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The Champak odours fall
Like sweet thoughts in a dream.
The nightingale's complaint,
It dies upon her heart,
As I must upon thine,
Beloved as thou art !
O lift me from the grass !
I die, I faint, I fail ;
Let thy love in kisses rain
On my lips and eyelids pale.
My cheek is cold and white, alas !
My heart beats loud and fast;
Oh! press it close to thine again,
.. Where it will break at last.
THE SENSITIVE PLANT. *
A SENSITIVE Plant in a garden grew,
And the young winds fed it with silver dew ;
And it open'd its fan-like leaves to the light,
And closed them beneath the kisses of night.
And the Spring arose on the garden fair,
Like the Spirit of Love felt every where ;
And each flower and herb on Earth's dark breast
Rose from the dreams of its wintry rest.
But none ever trembled and panted with bliss
In the garden, the field, or the wilderness,
Like a doe in the noontide with love's sweet want,
As the companionless Sensitive Plant.
* This forms but part of a very beautiful poem.
The snowdrop, and then the violet,
Arose from the ground with warm rain wet,
And their breath was mixed with fresh odour, sent
From the turf, like the voice and the instrument.
Then the pied wind-flowers and the tulip tall, And narcissi, the fairest among them all, Who gaze on their eyes in the stream's recess, Till they die of their own dear loveliness;
And the Naiad-like lily of the vale,
Whom youth makes so fair and passion so pale,
That the light of its tremulous bells is seen
Through their pavilions of tender green ;
And the hyacinth purple, and white, and blue,
Which flung from its bells a sweet peal anew
Of music so delicate, soft, and intense,
It was felt like an odour within the sense ;
And the rose like a nymph to the bath addrest,
Which unveiled the depth of her glowing breast,
Till, fold after fold, to the fainting air
The soul of her beauty and love lay bare:
And the wand-like lily, which lifted up,
As a Mænad, its moonlight-coloured cup,
Till the fiery star, which is its eye,
Gazed through clear dew on the tender sky;
And the jessamine faint, and the sweet tuberose,
The sweetest flower for scent that blows;
And all rare blossoms from every clime
Grew in that garden in perfect prime.
The Sensitive Plant,
Felt the sound of the funeral chant,
And the steps of the bearers, heavy and slow,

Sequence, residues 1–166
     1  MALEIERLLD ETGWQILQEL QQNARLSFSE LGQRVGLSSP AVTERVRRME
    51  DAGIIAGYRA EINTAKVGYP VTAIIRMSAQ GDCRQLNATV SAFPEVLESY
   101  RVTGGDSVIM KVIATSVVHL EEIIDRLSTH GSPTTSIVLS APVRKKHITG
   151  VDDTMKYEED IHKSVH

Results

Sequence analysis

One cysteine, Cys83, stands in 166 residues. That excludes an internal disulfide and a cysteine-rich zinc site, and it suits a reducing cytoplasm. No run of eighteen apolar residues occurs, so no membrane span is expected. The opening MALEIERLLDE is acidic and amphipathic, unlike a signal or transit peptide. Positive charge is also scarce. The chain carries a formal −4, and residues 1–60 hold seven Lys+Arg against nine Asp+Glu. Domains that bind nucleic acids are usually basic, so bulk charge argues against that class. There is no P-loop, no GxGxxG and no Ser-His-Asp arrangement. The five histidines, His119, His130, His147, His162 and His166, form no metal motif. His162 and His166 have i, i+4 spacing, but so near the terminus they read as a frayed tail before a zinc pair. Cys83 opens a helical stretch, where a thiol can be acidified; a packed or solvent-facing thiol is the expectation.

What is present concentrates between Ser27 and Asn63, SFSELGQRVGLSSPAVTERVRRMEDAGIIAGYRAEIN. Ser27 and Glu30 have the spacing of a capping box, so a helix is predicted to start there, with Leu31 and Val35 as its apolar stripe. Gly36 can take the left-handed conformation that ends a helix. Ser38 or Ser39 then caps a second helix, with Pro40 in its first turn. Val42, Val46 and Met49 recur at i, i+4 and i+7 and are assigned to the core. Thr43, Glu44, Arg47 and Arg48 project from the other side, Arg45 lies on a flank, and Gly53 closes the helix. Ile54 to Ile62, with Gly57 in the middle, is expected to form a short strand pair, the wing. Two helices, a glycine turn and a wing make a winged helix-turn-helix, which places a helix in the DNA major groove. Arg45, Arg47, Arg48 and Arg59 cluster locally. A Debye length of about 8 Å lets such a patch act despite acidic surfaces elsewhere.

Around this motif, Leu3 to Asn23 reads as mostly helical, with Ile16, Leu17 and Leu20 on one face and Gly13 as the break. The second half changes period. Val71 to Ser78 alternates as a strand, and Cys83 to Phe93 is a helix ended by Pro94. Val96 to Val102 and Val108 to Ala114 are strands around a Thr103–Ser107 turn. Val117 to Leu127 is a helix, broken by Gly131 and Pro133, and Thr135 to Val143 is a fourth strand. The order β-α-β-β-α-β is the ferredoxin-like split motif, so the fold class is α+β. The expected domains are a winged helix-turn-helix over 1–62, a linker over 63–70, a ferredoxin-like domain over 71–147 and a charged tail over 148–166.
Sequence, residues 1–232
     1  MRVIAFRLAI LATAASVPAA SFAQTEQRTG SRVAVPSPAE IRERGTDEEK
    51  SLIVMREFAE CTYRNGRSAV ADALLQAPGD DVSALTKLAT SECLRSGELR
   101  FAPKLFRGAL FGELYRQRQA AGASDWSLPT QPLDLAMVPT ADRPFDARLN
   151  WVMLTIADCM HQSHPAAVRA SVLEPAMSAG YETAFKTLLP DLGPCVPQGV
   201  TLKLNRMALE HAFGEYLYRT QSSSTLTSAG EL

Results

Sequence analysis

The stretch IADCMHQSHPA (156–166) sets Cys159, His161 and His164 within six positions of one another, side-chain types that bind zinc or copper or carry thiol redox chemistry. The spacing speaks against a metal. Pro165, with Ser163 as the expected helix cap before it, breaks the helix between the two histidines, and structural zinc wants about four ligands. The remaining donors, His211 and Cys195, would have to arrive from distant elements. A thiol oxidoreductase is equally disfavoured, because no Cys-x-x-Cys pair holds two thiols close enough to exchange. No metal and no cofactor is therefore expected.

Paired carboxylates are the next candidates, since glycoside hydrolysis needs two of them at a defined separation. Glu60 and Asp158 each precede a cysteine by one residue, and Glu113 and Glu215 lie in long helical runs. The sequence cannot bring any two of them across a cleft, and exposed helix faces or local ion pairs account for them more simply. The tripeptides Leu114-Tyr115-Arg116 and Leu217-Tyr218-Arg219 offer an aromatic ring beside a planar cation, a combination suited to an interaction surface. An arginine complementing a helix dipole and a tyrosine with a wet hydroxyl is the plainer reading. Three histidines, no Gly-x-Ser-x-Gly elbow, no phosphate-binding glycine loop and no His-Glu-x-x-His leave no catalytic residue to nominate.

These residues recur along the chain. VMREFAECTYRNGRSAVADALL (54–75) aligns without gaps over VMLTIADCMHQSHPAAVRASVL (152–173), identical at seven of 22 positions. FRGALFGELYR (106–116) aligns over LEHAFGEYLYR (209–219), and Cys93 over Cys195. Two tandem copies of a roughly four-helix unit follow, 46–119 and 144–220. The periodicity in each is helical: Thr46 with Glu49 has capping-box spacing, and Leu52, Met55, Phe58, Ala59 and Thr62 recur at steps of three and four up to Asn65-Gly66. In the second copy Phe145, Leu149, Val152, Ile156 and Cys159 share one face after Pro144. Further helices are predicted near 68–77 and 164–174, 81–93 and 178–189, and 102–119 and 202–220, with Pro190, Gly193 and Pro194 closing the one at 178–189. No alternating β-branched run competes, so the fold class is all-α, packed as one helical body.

And the sobs of the mourners deep and low;
The weary sound and the heavy breath,
And the silent motions of passing death,
And the smell, cold, oppressive, and dank,
Sent through the pores of the coffin-plank;
The dark grass, and the flowers among the grass, Were bright with tears as the crowd did pass; From their sighs the wind caught a mournful'tone, And sate in the pines, and gave groan for groan.
The garden, once fair, became cold and foul,
Like the corpse of her who had been its soul,
Which at first was lively as if in sleep,
Then slowly changed, till it grew a heap
To make men tremble who never weep.
Swift summer into the autumn flowed,
And frost in the mist of the morning rode,
Though the noonday sun looked clear and bright,
Mocking the spoil of the secret night.
The rose-leaves, like flakes of crimson snow,
Paved the turf and the moss below.
The lilies were drooping, and white, and wan,
Like the head and the skin of a dying man.
And Indian plants, of scent and hue
The sweetest that ever were fed on dew,
Leaf after leaf, day after day,
Were massed into the common clay.
And the leaves, brown, yellow, and grey, and red,
And white with the whiteness of what is dead,
Like troops of ghosts on the dry wind past ;
Their whistling noise made the birds aghast.
And the gusty winds waked the winged seeds,
Out of their birthplace of ugly weeds,
Till they clung round many a sweet flower's stem,
Which rotted into the earth with them.
The water-blooms under the rivulet
Fell from the stalks on which they were set ;
And the eddies drove them here and there
As the winds did those of the upper air.
Then the rain came down, and the broken stalks
Were bent and tangled across the walks ;
And the leafless net-work of parasite bowers
Massed into ruin ; and all sweet flowers.
FROM THE DEMON OF THE WORLD.
How wonderful is Death,
Death and his brother Sleep !
One pale as yonder wan and horned moon,
With lips of lurid blue,
The other glowing like the vital morn,
When throned on ocean's wave
It breathes over the world : Yet both so passing strange and wonderful ! Hath then the iron-sceptred Skeleton, Whose reign is in the tainted sepulchres, To the hell-dogs that couch beneath his throne Cast that fair prey ? Must that divinest form, Which love and admiration cannot view
Without a beating heart, whose azure veins
Steal like dark streams along a field of snow,
Whose outline is as fair as marble clothed
In light of some sublimest mind, decay ?
Nor putrefaction's breath
Leave aught of this pure spectacle
But loathsomeness and ruin ?
Spare aught but a dark theme,
On which the lightest heart might moralize ?
Or is it but that downy-winged slumbers
Have charmed their nurse coy Silence near her lids
To watch their own repose ?
Will they, when morning's beam
Flows through those wells of light,
Seek far from noise and day some western cave,
Where woods and streams with soft and pausing
A lulling murmur weave ?
Ianthe doth not sleep
The dreamless sleep of death :
Nor in her moonlight chamber silently
Doth Henry hear her regular pulses throb,
Or mark her delicate cheek
With interchange of hues mock the broad moon,
Outwatching weary night,
Without assured reward,
Her dewy eyes are closed ;
On their translucent lids, whose texture fine
Scarce hides the dark blue orbs that burn below
With unapparent fire,
The baby Sleep is pillowed :
Her golden tresses shade
The bosom's stainless pride,
Twining like tendrils of the parasite
Around a marble column.